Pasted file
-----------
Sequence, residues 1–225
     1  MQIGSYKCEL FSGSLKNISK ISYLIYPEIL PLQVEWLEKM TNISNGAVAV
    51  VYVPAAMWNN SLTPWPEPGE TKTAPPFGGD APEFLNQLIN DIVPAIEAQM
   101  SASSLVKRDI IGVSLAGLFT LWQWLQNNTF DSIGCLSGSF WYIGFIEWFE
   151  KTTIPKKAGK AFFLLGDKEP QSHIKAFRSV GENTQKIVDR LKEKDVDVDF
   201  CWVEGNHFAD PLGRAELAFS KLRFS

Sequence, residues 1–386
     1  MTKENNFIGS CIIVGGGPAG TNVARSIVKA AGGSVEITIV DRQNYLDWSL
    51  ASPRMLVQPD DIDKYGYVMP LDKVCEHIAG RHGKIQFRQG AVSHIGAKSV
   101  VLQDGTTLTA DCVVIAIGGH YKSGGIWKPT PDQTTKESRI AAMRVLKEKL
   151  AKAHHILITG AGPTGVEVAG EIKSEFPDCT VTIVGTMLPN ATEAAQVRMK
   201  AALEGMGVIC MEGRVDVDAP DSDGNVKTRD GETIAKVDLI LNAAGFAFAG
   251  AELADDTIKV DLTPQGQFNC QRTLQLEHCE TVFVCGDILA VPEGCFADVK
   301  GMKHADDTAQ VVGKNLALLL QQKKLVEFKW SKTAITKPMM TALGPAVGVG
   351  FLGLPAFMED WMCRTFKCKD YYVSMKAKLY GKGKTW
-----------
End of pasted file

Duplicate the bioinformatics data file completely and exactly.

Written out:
Sequence, residues 1–225
     1  MQIGSYKCEL FSGSLKNISK ISYLIYPEIL PLQVEWLEKM TNISNGAVAV
    51  VYVPAAMWNN SLTPWPEPGE TKTAPPFGGD APEFLNQLIN DIVPAIEAQM
   101  SASSLVKRDI IGVSLAGLFT LWQWLQNNTF DSIGCLSGSF WYIGFIEWFE
   151  KTTIPKKAGK AFFLLGDKEP QSHIKAFRSV GENTQKIVDR LKEKDVDVDF
   201  CWVEGNHFAD PLGRAELAFS KLRFS

Sequence, residues 1–386
     1  MTKENNFIGS CIIVGGGPAG TNVARSIVKA AGGSVEITIV DRQNYLDWSL
    51  ASPRMLVQPD DIDKYGYVMP LDKVCEHIAG RHGKIQFRQG AVSHIGAKSV
   101  VLQDGTTLTA DCVVIAIGGH YKSGGIWKPT PDQTTKESRI AAMRVLKEKL
   151  AKAHHILITG AGPTGVEVAG EIKSEFPDCT VTIVGTMLPN ATEAAQVRMK
   201  AALEGMGVIC MEGRVDVDAP DSDGNVKTRD GETIAKVDLI LNAAGFAFAG
   251  AELADDTIKV DLTPQGQFNC QRTLQLEHCE TVFVCGDILA VPEGCFADVK
   301  GMKHADDTAQ VVGKNLALLL QQKKLVEFKW SKTAITKPMM TALGPAVGVG
   351  FLGLPAFMED WMCRTFKCKD YYVSMKAKLY GKGKTW